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Canadian Journal of Infectious Diseases
Volume 10, Issue 2, Pages 122-127
http://dx.doi.org/10.1155/1999/172031
Original Article

In Vitro Activity of Cefepime against Multidrug-Resistant Gram-Negative Bacilli, Viridans Group Streptococci and Streptococcus pneumoniae from a Cross-Canada Surveillance Study

Donald E Low, Joyce de Azavedo, Canadian Bacterial Surveillance Network, and Ross Davidson

Department of Microbiology, Mount Sinai and Princess Margaret Hospitals, University of Toronto, Ontari, Canada

Received 5 June 1998; Accepted 16 September 1998

Copyright © 1999 Hindawi Publishing Corporation. This is an open access article distributed under the Creative Commons Attribution License, which permits unrestricted use, distribution, and reproduction in any medium, provided the original work is properly cited.

Abstract

OBJECTIVE: To determine the in vitro activity of cefepime against multidrug-resistant Gram-negative bacilli and Gram-positive cocci obtained from an ongoing cross-Canada surveillance study.

DESIGN: Clinical isolates of aerobic Gram-negative bacilli with inducible and constitutive chromosomally mediated cephalosporinases, viridans group streptococci and Streptococcus pneumoniae were collected from laboratories serving hospitals, nursing homes and physician offices in the community from across Canada during 1996 and 1997. Laboratories were asked to submit only clinically relevant nonduplicate isolates for susceptibility testing. In vitro antimicrobial susceptibility testing was carried out on all isolates of Gram-negative and viridans group streptococci. S pneumoniae were characterized as penicillin susceptible, intermediately resistant or highly resistant. Nonsusceptible isolates were defined as being intermediately or highly resistant (minimal inhibitory concentrations [MIC] greater than 0.06 mg/L). Only isolates of S pneumoniae that were nonsusceptible to penicillin were selected for further study. MICs were determined using a microbroth dilution technique according to the National Committee of Clinical Laboratory Standards.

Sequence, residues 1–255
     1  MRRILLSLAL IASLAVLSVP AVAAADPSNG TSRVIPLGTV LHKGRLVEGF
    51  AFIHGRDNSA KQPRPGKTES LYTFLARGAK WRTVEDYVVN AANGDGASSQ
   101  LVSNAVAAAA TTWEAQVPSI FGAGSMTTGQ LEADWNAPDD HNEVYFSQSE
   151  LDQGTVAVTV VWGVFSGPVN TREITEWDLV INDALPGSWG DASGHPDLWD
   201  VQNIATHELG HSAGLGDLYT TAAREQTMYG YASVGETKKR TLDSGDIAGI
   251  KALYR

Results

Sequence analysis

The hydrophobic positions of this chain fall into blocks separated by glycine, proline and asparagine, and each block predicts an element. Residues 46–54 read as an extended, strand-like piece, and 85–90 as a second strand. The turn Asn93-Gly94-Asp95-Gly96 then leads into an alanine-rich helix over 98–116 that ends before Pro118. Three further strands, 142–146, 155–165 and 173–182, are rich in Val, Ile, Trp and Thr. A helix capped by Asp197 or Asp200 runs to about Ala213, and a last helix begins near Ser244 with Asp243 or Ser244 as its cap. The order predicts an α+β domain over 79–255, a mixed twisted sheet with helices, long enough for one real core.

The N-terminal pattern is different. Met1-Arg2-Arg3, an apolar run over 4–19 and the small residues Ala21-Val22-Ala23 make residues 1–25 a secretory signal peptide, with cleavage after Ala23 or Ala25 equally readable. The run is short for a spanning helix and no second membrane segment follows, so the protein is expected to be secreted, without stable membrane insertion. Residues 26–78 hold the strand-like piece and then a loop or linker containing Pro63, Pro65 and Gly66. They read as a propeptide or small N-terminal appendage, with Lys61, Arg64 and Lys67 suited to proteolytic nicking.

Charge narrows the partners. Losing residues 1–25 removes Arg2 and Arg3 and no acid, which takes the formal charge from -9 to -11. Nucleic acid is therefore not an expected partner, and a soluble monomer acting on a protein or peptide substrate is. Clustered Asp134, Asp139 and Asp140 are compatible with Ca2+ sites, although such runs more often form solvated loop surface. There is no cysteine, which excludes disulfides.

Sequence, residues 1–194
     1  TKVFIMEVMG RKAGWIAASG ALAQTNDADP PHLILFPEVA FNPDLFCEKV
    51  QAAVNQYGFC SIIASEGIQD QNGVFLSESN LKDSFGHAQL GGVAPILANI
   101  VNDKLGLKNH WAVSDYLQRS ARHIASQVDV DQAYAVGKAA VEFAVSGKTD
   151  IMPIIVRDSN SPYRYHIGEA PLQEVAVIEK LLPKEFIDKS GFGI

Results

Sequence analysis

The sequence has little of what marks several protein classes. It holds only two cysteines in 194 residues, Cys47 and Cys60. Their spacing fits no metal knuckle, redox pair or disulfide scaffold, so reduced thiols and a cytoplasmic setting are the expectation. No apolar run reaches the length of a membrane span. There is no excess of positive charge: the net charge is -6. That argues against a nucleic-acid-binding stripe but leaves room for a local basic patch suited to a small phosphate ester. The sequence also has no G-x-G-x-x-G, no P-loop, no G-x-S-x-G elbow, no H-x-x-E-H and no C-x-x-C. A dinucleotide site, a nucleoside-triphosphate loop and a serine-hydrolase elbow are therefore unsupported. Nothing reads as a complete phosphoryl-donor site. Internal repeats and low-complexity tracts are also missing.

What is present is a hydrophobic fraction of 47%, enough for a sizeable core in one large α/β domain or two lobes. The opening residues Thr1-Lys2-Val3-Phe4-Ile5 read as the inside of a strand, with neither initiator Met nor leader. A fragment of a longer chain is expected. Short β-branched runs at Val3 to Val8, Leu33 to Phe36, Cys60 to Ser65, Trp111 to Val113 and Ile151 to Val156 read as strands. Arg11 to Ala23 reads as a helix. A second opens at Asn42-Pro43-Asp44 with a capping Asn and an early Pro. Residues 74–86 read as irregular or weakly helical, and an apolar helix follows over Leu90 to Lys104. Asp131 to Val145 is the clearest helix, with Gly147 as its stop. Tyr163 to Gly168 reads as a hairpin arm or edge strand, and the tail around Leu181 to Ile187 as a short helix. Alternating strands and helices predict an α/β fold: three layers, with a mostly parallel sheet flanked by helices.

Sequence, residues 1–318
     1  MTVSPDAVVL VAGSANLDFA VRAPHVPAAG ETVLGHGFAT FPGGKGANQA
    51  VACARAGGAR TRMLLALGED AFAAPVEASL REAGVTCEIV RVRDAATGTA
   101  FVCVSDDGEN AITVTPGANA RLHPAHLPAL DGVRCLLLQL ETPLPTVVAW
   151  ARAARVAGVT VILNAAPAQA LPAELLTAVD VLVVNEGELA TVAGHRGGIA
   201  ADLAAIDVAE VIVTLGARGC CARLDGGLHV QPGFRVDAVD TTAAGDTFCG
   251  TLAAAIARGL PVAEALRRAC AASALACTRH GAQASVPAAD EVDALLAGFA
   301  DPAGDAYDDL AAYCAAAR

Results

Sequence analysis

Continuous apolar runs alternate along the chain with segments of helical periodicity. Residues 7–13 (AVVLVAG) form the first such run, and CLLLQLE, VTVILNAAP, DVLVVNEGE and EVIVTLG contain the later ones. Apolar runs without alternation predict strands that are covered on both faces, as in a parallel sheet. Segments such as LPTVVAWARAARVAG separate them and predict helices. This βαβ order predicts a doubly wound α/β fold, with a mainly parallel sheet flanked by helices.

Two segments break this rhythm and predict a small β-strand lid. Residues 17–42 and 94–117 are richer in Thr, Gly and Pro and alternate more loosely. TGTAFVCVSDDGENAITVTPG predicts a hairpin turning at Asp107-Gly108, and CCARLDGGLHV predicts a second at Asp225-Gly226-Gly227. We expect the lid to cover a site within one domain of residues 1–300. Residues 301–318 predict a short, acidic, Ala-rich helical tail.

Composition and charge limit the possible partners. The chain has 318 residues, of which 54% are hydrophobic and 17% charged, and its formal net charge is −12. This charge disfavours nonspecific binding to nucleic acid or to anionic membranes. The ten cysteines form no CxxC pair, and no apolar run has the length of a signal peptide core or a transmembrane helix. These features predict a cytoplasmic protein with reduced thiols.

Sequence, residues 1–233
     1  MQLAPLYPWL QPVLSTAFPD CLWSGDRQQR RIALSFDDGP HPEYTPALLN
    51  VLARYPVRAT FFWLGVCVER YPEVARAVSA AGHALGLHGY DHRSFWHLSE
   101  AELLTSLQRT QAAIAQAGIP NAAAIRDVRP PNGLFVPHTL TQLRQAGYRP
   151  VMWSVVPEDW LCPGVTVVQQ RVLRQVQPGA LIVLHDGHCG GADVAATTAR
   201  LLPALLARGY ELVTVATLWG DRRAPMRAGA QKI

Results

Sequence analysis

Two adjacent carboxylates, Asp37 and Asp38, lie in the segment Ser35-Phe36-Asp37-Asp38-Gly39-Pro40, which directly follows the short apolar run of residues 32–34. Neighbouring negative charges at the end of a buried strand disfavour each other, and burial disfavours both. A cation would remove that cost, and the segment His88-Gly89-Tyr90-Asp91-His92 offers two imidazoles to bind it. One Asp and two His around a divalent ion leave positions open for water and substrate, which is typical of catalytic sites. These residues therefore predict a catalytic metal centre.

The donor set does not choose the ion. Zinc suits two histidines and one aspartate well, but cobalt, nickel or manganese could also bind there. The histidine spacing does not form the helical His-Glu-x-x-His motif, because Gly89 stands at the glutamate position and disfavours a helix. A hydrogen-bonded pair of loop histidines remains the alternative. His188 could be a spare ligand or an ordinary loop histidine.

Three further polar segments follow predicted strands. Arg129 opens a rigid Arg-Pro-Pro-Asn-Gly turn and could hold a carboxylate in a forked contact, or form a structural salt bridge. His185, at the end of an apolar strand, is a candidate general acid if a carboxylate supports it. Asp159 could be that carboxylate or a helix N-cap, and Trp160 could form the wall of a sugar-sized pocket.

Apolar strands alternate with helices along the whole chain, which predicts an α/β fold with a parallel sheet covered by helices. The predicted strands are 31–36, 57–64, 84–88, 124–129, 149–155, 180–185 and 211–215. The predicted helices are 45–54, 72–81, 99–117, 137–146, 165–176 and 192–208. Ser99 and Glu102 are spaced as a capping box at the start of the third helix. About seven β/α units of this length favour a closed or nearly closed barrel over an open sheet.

RESULTS: A total of 727 Gram-negative bacilli samples were collected. No resistance to cefepime was detected with Citrobacter freundii, Serratia marcescens, Morganella morganii and Enterobacter species. Of these strains, Enterobacter species and C freundii were the most resistant to ceftazidime, cefotaxime and ceftriaxone with MIC90S of 32 mg/L or greater and resistance rates of 6% or greater. Resistance rates of Pseudomonas aeruginosa and Acinetobacter species to cefepime were 4.8% and 3%, respectively. The two organisms had similar rates of resistance to ceftazidime. Less than 3% of the Gram-negative bacilli were resistant to imipenem and meropenem. There were 153 viridans group streptococci, of which 22 (14.4%) were resistant to penicillin. Of 1287 S pneumoniae samples, 193 (15%) were nonsusceptible to penicillin. Cefepime, ceftriaxone and cefotaxime had comparable activity against all isolates of viridans group streptococci and S pneumoniae.

CONCLUSIONS: Cefepime demonstrated excellent in vitro activity against Gram-negative bacilli with inducible and constitutive chromosomally mediated cephalosporinases, and had equal or superior activity versus comparator beta-lactams against all isolates of viridans group streptococci and S pneumoniae.